We all know that growing up in a good environment can raise a child’s IQ, but what exactly are the things that parents do that work, and what doesn’t? This is what a study featured on ScienceDaily.com aims to find out.

A team of researchers headed by doctoral student John Protzko from NYU Steinhardt School of Culture, Education, and Human Development, analyzed data from previous studies based on normal population. They investigated each intervention such as early education, diet, and the like to see which of them had an effect on children’s IQ.

The results demonstrate environmental and social factors can affect one’s intelligence:

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  • Children of women who eat foods rich in Omega-3 have their IQ raised by 3.5 points.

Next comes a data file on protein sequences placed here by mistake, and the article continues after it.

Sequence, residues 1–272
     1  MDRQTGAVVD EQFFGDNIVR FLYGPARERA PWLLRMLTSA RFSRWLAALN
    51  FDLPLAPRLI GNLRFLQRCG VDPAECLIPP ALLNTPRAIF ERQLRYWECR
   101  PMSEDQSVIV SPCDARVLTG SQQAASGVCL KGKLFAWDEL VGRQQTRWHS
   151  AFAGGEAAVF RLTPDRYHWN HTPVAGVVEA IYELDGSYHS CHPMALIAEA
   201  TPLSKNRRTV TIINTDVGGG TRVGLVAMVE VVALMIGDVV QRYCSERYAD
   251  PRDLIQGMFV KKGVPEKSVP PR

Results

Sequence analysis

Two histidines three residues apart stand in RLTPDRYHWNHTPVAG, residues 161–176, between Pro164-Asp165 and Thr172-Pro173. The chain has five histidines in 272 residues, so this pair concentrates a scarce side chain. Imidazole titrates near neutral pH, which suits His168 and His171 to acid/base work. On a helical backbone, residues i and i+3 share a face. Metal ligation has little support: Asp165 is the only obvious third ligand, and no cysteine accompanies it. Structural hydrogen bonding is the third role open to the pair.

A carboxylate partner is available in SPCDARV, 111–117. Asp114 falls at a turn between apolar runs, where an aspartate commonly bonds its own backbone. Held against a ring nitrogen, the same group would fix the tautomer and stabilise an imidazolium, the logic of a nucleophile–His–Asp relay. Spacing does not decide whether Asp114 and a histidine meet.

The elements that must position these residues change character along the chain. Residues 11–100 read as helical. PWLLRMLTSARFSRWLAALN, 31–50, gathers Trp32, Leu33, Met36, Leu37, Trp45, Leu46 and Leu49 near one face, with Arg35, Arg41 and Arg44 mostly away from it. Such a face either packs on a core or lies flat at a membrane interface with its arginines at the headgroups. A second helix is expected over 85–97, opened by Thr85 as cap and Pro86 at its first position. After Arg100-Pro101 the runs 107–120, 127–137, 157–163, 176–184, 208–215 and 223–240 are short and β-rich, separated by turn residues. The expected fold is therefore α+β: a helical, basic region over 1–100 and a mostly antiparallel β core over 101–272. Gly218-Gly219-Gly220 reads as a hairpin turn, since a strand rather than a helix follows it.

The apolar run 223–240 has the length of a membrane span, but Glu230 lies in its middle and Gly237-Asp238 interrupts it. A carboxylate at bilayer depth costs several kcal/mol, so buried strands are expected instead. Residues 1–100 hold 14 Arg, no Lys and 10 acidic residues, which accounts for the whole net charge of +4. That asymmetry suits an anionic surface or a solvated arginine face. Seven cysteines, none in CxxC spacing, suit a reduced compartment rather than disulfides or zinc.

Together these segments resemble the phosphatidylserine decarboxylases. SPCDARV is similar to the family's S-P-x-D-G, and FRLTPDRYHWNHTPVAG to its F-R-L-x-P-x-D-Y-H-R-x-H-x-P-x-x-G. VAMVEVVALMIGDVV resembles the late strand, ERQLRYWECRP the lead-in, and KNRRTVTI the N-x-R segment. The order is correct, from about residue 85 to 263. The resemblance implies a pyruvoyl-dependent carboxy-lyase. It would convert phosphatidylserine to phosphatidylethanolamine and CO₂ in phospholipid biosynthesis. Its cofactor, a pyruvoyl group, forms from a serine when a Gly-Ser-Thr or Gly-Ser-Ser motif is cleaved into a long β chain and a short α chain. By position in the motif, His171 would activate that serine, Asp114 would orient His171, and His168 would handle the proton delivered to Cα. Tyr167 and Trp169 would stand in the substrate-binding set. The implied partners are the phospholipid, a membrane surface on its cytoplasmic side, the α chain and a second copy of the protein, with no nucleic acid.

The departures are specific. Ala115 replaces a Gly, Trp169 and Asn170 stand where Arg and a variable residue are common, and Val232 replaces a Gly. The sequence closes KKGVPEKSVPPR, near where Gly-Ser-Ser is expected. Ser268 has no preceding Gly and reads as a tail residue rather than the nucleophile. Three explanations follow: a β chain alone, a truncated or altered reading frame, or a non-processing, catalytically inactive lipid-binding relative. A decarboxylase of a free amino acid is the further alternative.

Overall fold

• Financially disadvantaged children who are given education have their IQ raised by 4 points.
  • Engaging children in interactive reading raises their IQ by over 6 points.
  • Enrolling children in preschool raises their IQ by 4 points.

Of course, every child has different needs, so what may work on one may not work on the other. Parents need not be worried too much about hard figures and IQ points--what is important is they keep on doing what they think is best for their kids’ development.

(Photo by Renato Ganoza via Flickr Creative Commons)

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